Imagine for a moment gliding silently through a marsh in a birchbark canoe, brushing past plants and flowers while butterflies flutter by, dragonflies dart around and turtles bask in the sun on half submerged dead trees. For thousands of years this is how Indigenous people inhabited wetlands, carefully harvesting food, medicine and building materials in ways that ensured the wetlands would continue to thrive. Wild rice and cranberries were two important foods they harvested. Cattails provided food, cordage, mat-making material, and insulation (think cattail fluff!)

European colonizers who came to North America lacked an appreciation for wetlands. Their arrival coincided with the beginning of what some have called the “drain age” as vast acreages of wetlands were drained for farms, towns, and extractive industries. Worldwide, it’s estimated that more than half of Earth’s wetlands have been lost this way. In Southern Quebec and Ontario, the percentage of wetlands that have been lost to development is 70-90% by some estimates.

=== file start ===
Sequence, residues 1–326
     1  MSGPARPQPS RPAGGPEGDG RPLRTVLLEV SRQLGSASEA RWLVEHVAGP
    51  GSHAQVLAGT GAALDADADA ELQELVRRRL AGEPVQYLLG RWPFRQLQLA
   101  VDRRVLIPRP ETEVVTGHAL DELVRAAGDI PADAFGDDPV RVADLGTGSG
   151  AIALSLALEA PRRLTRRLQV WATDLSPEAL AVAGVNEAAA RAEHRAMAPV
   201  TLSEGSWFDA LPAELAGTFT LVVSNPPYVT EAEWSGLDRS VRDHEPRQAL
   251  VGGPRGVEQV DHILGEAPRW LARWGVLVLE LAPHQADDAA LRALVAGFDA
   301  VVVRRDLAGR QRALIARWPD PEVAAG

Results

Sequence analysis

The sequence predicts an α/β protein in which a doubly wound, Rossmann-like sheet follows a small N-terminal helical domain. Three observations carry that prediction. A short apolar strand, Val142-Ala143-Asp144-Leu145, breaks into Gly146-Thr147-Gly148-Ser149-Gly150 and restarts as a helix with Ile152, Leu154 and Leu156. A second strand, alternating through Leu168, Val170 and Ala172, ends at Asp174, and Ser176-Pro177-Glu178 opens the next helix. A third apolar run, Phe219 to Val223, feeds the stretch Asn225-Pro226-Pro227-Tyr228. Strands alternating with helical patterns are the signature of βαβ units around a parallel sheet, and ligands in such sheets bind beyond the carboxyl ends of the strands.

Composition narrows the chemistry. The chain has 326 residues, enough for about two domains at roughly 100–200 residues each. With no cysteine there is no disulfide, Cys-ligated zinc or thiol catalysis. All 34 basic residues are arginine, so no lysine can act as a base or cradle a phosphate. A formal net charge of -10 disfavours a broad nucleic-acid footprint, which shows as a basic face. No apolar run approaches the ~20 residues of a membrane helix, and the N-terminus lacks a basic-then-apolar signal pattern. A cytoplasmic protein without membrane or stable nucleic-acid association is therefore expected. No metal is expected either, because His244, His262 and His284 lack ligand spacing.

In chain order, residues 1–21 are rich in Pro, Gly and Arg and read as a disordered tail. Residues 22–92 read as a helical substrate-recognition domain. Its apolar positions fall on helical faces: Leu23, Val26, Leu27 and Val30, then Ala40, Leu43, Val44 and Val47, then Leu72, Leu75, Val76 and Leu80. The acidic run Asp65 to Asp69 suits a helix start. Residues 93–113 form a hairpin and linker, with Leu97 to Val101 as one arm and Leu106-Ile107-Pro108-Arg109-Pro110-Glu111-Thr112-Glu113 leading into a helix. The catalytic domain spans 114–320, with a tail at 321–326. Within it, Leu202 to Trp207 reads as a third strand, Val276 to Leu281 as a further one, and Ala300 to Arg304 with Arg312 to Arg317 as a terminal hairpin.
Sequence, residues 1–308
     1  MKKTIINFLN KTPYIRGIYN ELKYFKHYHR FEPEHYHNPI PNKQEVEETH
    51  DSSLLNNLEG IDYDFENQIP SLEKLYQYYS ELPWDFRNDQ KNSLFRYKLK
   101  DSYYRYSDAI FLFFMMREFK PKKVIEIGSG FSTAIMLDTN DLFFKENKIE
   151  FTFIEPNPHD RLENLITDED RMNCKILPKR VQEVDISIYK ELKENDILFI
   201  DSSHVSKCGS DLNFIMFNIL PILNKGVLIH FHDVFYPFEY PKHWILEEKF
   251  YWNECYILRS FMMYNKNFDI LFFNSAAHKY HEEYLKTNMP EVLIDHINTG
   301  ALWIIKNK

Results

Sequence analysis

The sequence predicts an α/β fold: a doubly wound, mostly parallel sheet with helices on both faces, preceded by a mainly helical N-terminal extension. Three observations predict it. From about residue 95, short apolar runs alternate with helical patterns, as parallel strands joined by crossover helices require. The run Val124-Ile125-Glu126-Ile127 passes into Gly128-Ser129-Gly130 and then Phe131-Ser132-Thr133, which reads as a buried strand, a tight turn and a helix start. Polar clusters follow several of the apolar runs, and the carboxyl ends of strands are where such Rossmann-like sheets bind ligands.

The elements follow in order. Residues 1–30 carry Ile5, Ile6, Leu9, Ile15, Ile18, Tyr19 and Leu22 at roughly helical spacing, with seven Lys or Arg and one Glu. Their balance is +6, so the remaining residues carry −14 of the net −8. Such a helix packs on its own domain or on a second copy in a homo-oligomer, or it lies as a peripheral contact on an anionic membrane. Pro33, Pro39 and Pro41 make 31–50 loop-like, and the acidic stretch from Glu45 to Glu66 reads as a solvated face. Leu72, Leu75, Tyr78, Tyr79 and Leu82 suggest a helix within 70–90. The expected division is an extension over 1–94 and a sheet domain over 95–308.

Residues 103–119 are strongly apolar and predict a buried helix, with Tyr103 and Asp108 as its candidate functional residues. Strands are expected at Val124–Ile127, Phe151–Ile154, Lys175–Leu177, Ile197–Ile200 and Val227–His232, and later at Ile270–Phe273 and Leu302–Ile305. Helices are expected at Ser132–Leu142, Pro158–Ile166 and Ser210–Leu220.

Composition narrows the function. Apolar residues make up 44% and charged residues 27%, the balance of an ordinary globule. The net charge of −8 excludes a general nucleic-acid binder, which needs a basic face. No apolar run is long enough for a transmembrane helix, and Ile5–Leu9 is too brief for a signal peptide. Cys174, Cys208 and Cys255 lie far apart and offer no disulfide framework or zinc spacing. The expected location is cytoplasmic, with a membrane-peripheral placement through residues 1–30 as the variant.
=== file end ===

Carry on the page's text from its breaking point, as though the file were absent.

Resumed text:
The good news is that the enormous value of wetlands is becoming more widely appreciated. Governments, NGOs, and citizens groups are now working to protect and restore wetlands.

Cattails are one of the wetland plants that capture excess phosphorus and nitrogen, preventing harmful algal blooms downstream (Photo: Grant Dobson)

The Province of Quebec unanimously passed new legislation in 2017 to protect and restore wetlands in the province. It was the first Canadian province to do so and received well-deserved high praise from conservation organizations such as Ducks Unlimited Canada.